Then there are LGBTQ issues. Again, wherever possible, Obama has been halting, timid, seemingly more concerned with symbolism and appearance over substance, unwilling to take public stands that might demonstrate an real belief in full equality, and some horrible missteps, such as the initial brief from his Justice Department that compared gay people to child molesters. Even with the Matthew Shepard Act, which did pass, he was tight-lipped until the bill finally made it through Congress. There was no vocal advocacy, no sense from him of how important addressing the ongoing violence against gay people, ranging from bullying of children to murder of adults, really is. With DADT, with the Employment Non-Discrimation Act (ENDA), as with repealing the Defense of Marriage Act (DOMA), it appears as though a hands-off approach is the one this administration feels it must take. All of this I would have expected from a Republican like Powell, but from Obama, it has been nothing short of disgusting.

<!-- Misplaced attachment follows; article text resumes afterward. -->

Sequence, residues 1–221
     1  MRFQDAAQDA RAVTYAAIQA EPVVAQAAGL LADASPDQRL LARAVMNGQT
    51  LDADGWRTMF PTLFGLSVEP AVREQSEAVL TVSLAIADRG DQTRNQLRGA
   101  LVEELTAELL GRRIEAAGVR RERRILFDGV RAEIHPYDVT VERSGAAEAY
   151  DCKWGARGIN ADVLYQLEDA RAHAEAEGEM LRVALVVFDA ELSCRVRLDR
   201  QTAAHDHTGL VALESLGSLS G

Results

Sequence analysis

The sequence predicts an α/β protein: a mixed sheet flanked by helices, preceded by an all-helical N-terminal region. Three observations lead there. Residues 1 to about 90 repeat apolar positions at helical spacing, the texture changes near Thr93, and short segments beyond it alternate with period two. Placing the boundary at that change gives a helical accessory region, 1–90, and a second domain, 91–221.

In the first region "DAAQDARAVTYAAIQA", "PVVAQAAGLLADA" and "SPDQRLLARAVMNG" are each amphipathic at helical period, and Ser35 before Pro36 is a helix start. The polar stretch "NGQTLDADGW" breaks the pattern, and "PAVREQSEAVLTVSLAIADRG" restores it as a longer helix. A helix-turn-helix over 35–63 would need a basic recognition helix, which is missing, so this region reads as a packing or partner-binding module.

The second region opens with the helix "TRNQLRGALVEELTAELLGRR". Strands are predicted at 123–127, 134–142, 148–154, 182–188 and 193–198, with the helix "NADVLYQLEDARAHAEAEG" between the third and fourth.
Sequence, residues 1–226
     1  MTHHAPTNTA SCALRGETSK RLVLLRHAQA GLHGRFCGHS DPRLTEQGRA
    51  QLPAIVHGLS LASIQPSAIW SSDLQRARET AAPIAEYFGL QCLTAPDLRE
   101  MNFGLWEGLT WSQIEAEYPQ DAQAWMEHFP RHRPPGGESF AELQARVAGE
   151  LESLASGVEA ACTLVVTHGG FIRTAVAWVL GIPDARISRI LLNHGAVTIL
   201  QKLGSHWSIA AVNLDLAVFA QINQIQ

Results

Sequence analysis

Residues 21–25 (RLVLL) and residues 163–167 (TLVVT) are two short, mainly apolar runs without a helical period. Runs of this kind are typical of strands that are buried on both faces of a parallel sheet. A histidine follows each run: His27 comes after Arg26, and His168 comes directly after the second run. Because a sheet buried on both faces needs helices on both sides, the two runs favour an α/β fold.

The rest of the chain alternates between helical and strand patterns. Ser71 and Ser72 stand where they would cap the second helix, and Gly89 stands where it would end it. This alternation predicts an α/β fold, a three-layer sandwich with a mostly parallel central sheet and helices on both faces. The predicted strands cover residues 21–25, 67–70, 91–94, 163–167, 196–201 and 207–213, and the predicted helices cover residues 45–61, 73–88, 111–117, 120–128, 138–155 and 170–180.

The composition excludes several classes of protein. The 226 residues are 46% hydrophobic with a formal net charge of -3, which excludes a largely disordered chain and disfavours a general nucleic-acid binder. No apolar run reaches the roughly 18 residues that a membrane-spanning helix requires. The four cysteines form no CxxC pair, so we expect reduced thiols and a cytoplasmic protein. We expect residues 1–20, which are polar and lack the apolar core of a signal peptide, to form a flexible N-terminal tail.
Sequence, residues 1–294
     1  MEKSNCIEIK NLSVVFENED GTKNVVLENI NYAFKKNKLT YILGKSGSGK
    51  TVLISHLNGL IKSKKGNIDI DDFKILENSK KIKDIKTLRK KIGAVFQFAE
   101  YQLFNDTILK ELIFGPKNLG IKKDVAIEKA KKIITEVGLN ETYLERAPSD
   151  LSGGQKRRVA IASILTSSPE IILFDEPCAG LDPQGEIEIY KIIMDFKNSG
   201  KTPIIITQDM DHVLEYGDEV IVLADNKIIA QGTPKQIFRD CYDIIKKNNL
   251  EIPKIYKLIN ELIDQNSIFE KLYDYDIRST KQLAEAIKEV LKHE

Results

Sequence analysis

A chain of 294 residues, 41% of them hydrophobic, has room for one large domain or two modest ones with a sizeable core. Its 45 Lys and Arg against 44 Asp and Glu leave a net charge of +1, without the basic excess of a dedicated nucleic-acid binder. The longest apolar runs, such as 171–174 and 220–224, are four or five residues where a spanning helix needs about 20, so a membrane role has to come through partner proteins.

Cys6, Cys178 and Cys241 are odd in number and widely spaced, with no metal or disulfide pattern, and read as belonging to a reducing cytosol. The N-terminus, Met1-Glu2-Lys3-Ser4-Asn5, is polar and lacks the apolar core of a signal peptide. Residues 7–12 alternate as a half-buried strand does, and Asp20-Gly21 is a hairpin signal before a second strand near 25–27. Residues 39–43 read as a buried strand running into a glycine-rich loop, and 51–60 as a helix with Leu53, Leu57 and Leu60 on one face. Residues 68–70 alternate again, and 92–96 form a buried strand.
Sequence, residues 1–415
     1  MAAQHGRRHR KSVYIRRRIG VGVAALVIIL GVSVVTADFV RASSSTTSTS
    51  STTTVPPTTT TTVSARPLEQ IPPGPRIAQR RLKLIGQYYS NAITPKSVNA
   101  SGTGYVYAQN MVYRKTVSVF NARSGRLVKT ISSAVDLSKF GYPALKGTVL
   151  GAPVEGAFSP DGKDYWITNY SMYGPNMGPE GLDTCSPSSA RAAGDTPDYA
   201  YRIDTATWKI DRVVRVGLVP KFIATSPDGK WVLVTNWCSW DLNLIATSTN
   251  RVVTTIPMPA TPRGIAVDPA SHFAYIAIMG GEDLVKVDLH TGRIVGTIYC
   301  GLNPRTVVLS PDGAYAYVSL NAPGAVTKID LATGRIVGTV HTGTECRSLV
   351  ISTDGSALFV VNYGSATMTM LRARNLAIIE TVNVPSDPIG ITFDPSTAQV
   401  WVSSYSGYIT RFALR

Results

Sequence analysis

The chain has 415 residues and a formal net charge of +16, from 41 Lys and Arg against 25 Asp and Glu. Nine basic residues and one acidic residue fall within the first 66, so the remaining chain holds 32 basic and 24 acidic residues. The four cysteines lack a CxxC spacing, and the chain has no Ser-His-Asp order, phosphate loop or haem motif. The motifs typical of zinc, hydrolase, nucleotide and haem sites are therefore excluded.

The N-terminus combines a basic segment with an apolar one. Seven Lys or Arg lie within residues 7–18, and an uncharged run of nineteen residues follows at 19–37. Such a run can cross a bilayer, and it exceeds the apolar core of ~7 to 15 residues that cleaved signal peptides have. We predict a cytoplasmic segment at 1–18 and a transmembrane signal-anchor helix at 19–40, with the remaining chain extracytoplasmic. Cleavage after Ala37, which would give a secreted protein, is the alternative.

Perhaps one area where Obama has differed is in the appointment of a few truly progressive individuals who would be out of place in a Powell (or any other likely Republican president's) administration. Hilda Solís, the outspoken, progressive Secretary of Labor, who has provoked extensive grumbling from the corporate sector, is one example; I cannot imagine Powell's advisors permitting, let alone him daring, to appoint someone as pro-worker and pro-labor as Solís. Perhaps another would be Amanda Simpson, soon to be Senior Technical Advisor in the Bureau of Industry and Security, and the first transgender person to be appointed to an executive branch-level position. Again, the anti-gay and Christianist branches of the GOP, who have criticized Simpson's appointment, would be trying to string Powell up for such an appointment. Yet beside both of these nominations there is the case of Office of Legal Counsel nominee Dawn Johnsen, an outspoken critic of Bush's criminal actions; after being stalled by Republicans for nearly a year, the administration did and said nothing to support her, the nomination lapsed, and she was only renominated, receiving support from GOP apostate Arlen Spector this month. Yet the administration is still refusing to argue on behalf of someone who not only would be an excellent employee, but who would boost their cred in the eyes of many frustrated supporters. While these nominations and appointments are worthy of celebration among many progressives, the critique remains that Obama hasn't gone far enough, and has squandered his political capital in an attempt to curry favor with the obstructionist, nihilist GOP and placate his corporate funders. Powell, being a moderate, very likely would find himself in similar pincers, though he would have the Democratic Congress to run against, and they have done themselves no favors over the last year either. The health care reform bill, which became a health care industry giveaway, is proof of this, as is the watered down and now disintegrating financial reform effort. Under a Powell administration, I could not imagine bolder efforts on either front, and envision the former not occurring at all. (In fact, just this summer, Powell counseled Obama to take baby steps.) Instead, we'd be muddling through with our horrid health care system, and watching Democrats silently twist themselves into knots to please Wall Street, while being rhetorically shredded by the GOP and their corporate allies.